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The News in Brief

Friday, March 10
Enguri HPP Resumes Operation

The Enguri hydropower plant, Abkhazia’s main energy supplier, resumed its operation on February 28 following a temporary shutdown for monitoring the pressure tunnel.

During the monitoring period, which was launched on February 19 as part of the initial preparatory works for a larger rehabilitation project scheduled for 2018, power for the region was supplied by the Russian side and the deficit was covered by Georgia, as noted in the statement of the Georgian Energy Ministry released on February 21.

Speaking at a news briefing on March 3, Aslan Basaria, head of the Abkhaz state-owned energy company Chernomorenergo, said that the Enguri hydropower plant will be able to meet Abkhazia’s energy demand from early April.

“If there will be no cold weather, we will be able to easily move to our own resources by late March or early April. At this point, power to Abkhazia is supplied by the Russian Federation,” Basaria explained.

Breakaway Abkhazia fully relies on electricity generated by the Enguri hydropower plant, whose 271.5-meter-tall concrete arch dam is located on the Georgian side of the administrative border and its five generators are on the Abkhaz side in Gali district.

According to a long-standing, informal agreement between Tbilisi and Sokhumi 40% of the electricity generated by the plant goes to Abkhazia and the rest 60% is received by rest of Georgia.

In 2015 Georgia distributed 1,797 million kWh electricity to Abkhazia, 17.31% of Georgia’s overall consumption, according to Georgia’s Energy and Water Supply Regulatory Commission’s report. In 2014 and 2013 Abkhazia was supplied by 1,638 million kWh electricity (16.11%) and 1,605 million kWh electricity (16.57%) respectively. (

EU denies link between Georgia visa waiver and refugee centers proposal

A member of the European Union's executive branch denies that there is any connection between a proposal to host refugee centers in Georgia and the recent decision to allow visa-free travel to the Schengen area for Georgian passport holders.

Large Russian media outlets have claimed that when Georgia was granted visa-free travel to the EU, it also accepted hosting centers for holding recent rejected refugees for the EU.

A spokesperson for EU Migration Commissioner Dimitris Avramopoulos told Voice of America’s Georgian service that visa waiver system for Georgia was based solely on an action plan presented to and accepted by the Georgian government in 2013. The plan contains no mention of refugee centers.

“The Commission has been monitoring progress made by the Georgian authorities since the visa liberalization dialogue was launched and concluded in December 2015, that all benchmarks under this Action plan were met,” reads a written comment by the EU official’s spokesperson.

“The fulfillment of the criteria in the Action Plan, and these criteria only, is the basis on which the Commission proposed to grant visa free travel to Georgian citizens for short stays.”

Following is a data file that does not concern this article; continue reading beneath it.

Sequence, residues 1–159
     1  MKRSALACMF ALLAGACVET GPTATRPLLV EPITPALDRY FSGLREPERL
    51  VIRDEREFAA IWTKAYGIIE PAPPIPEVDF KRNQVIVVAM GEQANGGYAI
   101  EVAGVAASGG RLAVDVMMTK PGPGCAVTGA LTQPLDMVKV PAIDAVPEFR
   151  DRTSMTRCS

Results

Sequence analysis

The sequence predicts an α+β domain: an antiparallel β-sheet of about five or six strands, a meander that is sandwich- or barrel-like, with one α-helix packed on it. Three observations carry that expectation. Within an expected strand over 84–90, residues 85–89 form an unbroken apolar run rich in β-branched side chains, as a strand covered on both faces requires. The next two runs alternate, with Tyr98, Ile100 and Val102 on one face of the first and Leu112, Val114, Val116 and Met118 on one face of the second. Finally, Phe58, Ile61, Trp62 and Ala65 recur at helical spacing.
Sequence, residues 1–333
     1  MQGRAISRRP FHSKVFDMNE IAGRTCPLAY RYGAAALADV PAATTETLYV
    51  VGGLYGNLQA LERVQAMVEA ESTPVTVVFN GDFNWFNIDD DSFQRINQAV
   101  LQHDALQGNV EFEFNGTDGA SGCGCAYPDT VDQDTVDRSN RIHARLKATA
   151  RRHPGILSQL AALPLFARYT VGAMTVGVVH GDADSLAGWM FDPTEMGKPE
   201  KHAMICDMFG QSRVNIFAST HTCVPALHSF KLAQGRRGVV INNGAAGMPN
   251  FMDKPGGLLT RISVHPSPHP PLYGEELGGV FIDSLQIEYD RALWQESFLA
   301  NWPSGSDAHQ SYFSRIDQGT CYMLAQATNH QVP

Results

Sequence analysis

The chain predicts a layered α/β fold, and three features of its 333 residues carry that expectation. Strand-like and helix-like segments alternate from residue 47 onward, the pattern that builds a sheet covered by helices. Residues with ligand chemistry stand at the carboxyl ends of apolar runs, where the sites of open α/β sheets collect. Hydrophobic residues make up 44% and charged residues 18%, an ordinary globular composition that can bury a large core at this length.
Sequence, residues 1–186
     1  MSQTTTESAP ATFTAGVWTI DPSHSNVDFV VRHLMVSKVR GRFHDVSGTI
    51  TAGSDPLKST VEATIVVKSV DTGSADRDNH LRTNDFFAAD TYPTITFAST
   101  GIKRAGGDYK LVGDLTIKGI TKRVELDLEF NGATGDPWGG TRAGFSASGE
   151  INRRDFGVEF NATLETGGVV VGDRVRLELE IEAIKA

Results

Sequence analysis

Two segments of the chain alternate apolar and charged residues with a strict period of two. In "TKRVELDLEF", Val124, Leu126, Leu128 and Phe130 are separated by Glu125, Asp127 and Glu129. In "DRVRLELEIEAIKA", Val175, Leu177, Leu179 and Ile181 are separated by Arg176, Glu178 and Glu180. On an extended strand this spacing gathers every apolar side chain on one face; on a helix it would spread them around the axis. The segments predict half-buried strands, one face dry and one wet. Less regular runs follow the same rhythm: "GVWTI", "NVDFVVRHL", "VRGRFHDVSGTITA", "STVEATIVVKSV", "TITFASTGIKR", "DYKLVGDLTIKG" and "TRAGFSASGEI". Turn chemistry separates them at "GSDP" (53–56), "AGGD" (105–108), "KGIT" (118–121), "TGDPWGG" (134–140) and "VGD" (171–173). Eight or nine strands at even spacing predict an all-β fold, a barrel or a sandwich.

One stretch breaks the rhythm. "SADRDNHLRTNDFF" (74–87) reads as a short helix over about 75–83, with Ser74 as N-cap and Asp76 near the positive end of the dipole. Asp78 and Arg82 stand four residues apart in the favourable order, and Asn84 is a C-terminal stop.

The confusion was caused by an interview with Austria’s Foreign Minister Sebastian Kurz published in the German newspaper Bild, which stated that the EU needs refugee centers outside its external borders and suggested Georgia, Egypt and Balkan states as possible locations for such centers.

Kurtz visited Georgia a month earlier.

Georgian officials firmly rejected the idea of hosting such centers (

OSCE Chairmanship concerned about closure of crossing points, stresses negative implications for local population

Reacting to the closure of two crossing points along the Administrative Boundary Line of Georgia's breakaway region of Abkhazia, Nabakevi-Khurcha and Meore Otobaia-Orsantia, which reduces the number of crossing points to two, following the closure of two others in 2016, a spokesperson of the OSCE Chairmanship said today:

“We have closely followed the latest developments on the ground. We believe this decision has a number of negative consequences, in particular concerning the freedom of movement of the population on both sides of the Administrative Boundary Line. We therefore call for meaningful dialogue as well as swift and pragmatic solutions, in order to avoid further repercussions for the local population’s everyday life.”

The spokesperson emphasized the importance of the Geneva International Discussions and the Incident Prevention and Response Mechanism meetings as platforms for constructive engagement. These are respectively co-chaired and co-facilitated by the Special Representative of the OSCE Chairperson-in-Office for the South Caucasus, Ambassador Gunther Bachler. (

40-tetri microbus travel fare to increase in Tbilisi

The Tbilisi Microbus company has increased travel fares for some routes in Tbilisi. The company has released a statement in this regard, according to which, short distance travel fare will become equal to the municipal transport fare. In particular, passengers will have to pay 50 instead of 40 tetris. However, 80-tetri fares will not be changed.

According to the company, they adjusted their tariff policy to the economic situation of the country in 2011, when the company entered the market.

“Despite the fact that since 2011 the national currency has suffered serious fluctuations which affected the prices of all the products that are needed for safe and comfortable transfer of passengers, we have maintained our tariff policy unchanged almost for six years,” says the company in the statement.

According to the company, they decided to increase travel fare in order to improve the conditions of transfer of passengers and protect the labour rights of their employees. (ipn)